I never used to be a good listener because I was too busy seeing people as audience, trying to capture and hold their attention with humor or stories. I think I learned this early, from my mother, who liked to collect stories about people who were "characters," and entertain her friends with funny imitations of them. I grew up assuming that getting together with people meant entertaining them.
Now, here in late middle-age, I 've finally learned that most people appreciate listeners more than entertainers, and I've gradually come to talk less and listen more. And find it much more interesting!
In the process, I've noticed different degrees of listening. There are some people who don't seem to listen at all, who are just ON, performing all the time. Remembering back to when I was that way, I recall being nervous, insecure, feeling pressured, as if I had to earn points by amusing everyone. So I now feel sorry for the entertainers and I've noticed something curious as I listen to them: I often recognize my own words from earlier conversations coming back at me, like an echo-chamber. (I'm chagrined to say that I can't resist telling them, "Yeah, I told you that.") This is disconcerting, because it suggests that these people don't remember our times together. And that makes sense, because if you don't listen most of the time, you won't remember who said what.
The other day I was walking with an acquaintance, and I realized that she was listening to just enough of my sentence for something that related to her, and then she'd jump in, interrupting. I'd be saying something like "I'm going to put a garden in our back field today," but at "garden" she'd be off and running with an elaborate story of woodchucks and slugs decimating her hostas.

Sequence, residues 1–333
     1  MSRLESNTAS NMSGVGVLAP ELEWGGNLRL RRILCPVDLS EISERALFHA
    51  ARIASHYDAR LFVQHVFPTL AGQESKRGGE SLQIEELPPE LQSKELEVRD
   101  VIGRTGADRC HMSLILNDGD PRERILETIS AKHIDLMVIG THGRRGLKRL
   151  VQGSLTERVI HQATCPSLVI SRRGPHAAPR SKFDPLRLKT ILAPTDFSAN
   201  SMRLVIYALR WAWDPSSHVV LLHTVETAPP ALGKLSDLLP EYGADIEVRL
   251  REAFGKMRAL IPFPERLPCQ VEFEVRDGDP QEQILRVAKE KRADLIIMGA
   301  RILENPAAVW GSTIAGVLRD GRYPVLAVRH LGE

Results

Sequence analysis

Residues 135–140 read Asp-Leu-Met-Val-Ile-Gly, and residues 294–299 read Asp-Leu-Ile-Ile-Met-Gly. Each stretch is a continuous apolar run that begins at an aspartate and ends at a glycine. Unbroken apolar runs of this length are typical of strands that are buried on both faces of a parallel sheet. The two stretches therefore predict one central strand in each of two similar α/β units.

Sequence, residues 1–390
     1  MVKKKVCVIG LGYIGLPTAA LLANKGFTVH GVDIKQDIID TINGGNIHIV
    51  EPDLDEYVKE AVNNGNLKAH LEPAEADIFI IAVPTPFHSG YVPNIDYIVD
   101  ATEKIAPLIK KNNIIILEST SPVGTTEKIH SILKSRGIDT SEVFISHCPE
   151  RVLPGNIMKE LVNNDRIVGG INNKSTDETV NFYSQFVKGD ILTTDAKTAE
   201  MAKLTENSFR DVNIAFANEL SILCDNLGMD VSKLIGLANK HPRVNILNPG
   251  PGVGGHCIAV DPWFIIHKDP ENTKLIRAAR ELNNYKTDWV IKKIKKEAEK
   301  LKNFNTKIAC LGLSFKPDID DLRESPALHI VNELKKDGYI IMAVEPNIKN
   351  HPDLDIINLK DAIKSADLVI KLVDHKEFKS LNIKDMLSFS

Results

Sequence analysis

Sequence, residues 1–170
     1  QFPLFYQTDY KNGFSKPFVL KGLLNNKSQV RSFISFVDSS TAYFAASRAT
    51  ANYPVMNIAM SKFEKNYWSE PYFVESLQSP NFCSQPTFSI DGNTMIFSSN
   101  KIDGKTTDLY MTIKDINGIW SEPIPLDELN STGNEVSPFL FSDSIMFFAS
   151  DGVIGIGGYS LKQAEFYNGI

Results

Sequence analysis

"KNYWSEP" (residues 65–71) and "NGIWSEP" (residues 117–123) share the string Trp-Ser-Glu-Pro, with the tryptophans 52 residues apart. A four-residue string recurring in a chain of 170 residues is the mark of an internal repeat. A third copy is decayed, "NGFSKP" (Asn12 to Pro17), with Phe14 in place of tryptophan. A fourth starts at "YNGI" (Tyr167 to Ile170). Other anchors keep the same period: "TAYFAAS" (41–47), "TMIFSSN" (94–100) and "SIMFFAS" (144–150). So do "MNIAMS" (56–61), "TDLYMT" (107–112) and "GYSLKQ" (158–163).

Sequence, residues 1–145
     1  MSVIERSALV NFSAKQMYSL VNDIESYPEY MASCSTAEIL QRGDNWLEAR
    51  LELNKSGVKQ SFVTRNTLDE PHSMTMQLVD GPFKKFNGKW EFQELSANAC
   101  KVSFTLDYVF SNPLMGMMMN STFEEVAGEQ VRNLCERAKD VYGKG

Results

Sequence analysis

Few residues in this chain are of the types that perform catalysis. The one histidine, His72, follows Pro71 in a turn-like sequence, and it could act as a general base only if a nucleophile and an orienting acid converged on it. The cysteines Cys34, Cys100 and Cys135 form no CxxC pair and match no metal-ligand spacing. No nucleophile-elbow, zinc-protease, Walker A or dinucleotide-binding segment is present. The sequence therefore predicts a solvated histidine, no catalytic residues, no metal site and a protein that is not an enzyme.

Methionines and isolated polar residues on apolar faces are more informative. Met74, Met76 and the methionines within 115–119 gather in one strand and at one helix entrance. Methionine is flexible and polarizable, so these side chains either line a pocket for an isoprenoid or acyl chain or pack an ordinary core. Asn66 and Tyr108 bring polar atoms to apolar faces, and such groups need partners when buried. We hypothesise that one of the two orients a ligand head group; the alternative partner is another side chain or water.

The above two degrees: hardly listening at all, and listening just till the mention of a common interest, are people that I've learned to minimize contact with. People at the other end of the scale, the listeners, I try to cultivate.
And thus I learned a lot from my friend T., who died recently. As has happened so much since middle-age, when I began losing relatives and friends to chronic illness, heart attack, or old age, I didn't know how much T. had influenced me until she was gone. After death, in a person's wake, you can finally - with the ending of their story - see their real character. And so T.'s perennial self-doubt, her tendency to see herself as less than she was, had always seemed like a weakness to me when she was alive. But after she died, I realized that it was this self-doubt that made T. one of the best listeners I've ever known. She listened with full attention, patience, and compassion, because she truly believed that whomever was talking was more important than she was. She thus always put others before her, and at her memorial service the cars of friends kept coming and coming, filling up the big mowed meadow behind their barn, and spilling out to the driveway and road. What I had seen as a weakness, was actually a strength, an asset that attracted people to her.
I'm not as good a listener as T. was, but at least I do it enough now to know that it's the only path to doing it better. And being a better friend as a result.